#MillennialLove: Tagging the relationship – ‘Hanging out’? ‘Having fun’? | sex and relationships | Hindustan Times
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#MillennialLove: Tagging the relationship – ‘Hanging out’? ‘Having fun’?

Part 2 of 3: It’s not cool to be emotional, you have to date and see.

sex and relationships Updated: Sep 11, 2016 10:19 IST
Riddhi Doshi
#MillennialLove

(HT Illustration: Siddhant Jumde)

She LOLs at his jokes and his smileys gape at her wide-eyed. They have found each other on Tinder or Truly Madly. After chatting a few times on WhatsApp and Snapchat, they decide to give it a shot. At this point, it’s ‘just fun’ -- a term used frequently and interchangeably with ‘just going out’ in our conversations with under-30s.

The terms ‘girlfriend’ and ‘boyfriend’ are used rarely and very sparingly. There is little to no talk of love at first sight. Ideas like saat janam ka rishta, that popular Bollywood trope where a couple feels so in love that they believe they must have been together in seven previous lives, are seen as laughable.

The focus instead is on keeping things neat and fuss-free, having both people on the same page, and preferably having the exit in sight through the early stages. Where family was once the deciding factor -- you generally looked for a woman / man you could take home to your mom -- now that role has been taken over by the friends circle.

Tag. Are you it?

“I will label a girl my girlfriend only when I am ready to introduce her to my friends,” says Ashwin Aggarwal, 21, an intern with a CA firm in Delhi. “The right time, I guess, is when I am sure that my feelings for her won’t fizzle out soon. Until then we are just hanging out. There is no name to the relationship at this stage.”

From the majority of relationships being marriage-oriented even a decade ago, today they are divided into multiple stages, which interestingly can be tagged online too, just so everyone’s on the same page.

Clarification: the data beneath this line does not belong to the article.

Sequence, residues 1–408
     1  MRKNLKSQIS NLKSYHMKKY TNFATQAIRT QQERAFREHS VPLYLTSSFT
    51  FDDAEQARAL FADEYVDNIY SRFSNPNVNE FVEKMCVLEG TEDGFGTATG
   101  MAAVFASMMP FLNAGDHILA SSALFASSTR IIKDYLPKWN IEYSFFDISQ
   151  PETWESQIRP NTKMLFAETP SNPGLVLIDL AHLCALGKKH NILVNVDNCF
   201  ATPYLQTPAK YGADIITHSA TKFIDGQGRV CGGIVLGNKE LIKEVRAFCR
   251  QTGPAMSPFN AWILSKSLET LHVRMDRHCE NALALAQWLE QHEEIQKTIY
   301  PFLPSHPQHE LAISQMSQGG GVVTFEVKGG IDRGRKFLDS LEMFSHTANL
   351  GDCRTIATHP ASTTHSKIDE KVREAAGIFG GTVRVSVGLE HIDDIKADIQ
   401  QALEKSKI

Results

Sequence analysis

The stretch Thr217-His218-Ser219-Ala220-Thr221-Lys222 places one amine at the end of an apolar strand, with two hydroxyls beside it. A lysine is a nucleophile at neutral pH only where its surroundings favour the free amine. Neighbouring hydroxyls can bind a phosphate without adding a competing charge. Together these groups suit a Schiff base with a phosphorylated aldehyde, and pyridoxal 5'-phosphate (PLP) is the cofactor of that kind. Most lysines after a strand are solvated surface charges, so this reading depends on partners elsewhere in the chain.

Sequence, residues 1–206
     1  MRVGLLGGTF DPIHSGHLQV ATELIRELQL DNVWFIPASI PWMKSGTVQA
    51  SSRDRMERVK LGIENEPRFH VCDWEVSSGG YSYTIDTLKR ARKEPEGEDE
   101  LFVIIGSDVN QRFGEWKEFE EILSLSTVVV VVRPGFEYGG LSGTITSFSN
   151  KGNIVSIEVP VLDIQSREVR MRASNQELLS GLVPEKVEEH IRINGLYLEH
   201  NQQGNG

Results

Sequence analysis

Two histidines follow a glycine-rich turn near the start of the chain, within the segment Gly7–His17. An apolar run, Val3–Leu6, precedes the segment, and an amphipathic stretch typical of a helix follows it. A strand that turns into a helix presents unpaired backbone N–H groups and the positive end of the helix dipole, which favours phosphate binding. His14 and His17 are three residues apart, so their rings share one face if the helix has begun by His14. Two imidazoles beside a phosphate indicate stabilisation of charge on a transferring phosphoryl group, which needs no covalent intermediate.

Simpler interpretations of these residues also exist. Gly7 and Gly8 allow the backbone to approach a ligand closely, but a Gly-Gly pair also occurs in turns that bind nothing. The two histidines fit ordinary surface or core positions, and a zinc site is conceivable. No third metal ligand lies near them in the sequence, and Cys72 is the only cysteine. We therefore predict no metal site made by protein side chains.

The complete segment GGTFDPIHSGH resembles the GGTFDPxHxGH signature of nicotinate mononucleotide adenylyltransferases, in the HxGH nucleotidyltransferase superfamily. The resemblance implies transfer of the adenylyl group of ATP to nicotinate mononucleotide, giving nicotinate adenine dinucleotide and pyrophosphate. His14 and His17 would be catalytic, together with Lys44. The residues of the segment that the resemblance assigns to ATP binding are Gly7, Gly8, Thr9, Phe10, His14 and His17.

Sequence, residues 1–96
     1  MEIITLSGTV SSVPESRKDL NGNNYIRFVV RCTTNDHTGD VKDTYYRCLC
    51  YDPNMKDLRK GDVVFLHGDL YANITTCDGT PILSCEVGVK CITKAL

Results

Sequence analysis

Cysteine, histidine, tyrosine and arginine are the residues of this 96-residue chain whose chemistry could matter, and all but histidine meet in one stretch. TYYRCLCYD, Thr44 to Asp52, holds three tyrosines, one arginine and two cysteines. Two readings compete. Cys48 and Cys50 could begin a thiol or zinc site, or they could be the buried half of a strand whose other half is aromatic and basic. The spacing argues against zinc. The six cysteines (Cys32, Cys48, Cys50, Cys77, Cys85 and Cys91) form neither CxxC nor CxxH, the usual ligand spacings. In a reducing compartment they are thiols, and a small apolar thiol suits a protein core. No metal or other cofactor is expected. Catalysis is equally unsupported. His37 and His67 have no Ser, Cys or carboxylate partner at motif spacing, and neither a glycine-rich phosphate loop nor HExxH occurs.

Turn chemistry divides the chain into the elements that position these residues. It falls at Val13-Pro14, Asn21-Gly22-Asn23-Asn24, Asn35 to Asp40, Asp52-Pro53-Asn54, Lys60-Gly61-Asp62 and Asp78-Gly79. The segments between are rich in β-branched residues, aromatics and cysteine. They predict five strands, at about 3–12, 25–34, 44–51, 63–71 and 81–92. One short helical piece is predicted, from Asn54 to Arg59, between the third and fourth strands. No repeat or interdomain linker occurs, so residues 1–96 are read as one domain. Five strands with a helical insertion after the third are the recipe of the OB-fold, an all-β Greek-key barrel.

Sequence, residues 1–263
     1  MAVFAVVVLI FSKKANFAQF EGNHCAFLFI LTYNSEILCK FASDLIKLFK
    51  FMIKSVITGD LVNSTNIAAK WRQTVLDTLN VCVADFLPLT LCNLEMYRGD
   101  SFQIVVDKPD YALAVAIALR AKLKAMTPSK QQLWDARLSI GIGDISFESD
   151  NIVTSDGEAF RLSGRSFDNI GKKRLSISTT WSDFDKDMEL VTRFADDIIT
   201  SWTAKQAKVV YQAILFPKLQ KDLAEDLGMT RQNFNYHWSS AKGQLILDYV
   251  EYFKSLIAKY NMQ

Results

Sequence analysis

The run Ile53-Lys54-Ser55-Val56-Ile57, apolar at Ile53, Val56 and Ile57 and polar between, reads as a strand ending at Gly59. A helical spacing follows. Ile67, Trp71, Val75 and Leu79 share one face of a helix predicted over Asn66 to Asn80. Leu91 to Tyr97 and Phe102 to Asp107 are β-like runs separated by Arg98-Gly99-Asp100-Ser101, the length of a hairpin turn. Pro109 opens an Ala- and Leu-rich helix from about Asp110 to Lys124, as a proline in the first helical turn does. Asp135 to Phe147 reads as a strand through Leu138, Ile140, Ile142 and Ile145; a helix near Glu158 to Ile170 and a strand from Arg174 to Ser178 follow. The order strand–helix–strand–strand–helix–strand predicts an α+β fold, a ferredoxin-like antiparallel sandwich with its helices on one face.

There’s hanging out (read: interested but most likely not having sex yet), having fun (probably doing it, but most likely not exclusive), interested (for when it’s getting serious), exclusive (definitely serious) and finally, committed.

In all but the last two stages, either or both parties may still be scouting around on Tinder or Truly Madly, Happn or Woo. As a result, each couple finds itself navigating a web of emotions and ‘situations’.

Some become obsessed with the blue ticks on WhatsApp that indicate a message has been read. Any delay in a response begins to cause anxiety and / or suspicion.

“You could go crazy wondering why a guy hasn’t replied,” says Manini Mishra*, 23, an IT consultant from Bangalore. “Is it something you said in the previous message? Is it something you did? These thoughts can consume you.”

Don’t ask, don’t tell

Each stage also holds within it lines that must not be crossed. If you don’t want to seem clingy or desperate or uncool, you must never ask why someone didn’t answer that message, or repeatedly ignored your calls.

“My boyfriend can’t ask me why was I not answering his calls. It’s none of his business. I need my personal space and my freedom,” says Malti*, a 25-year-old Mumbai-based journalist who has been in her current relationship for five months. “I have a life outside the relationship. I could be spending time with my family, reading a book or catching up with an old friend. I may just not want to be disturbed.”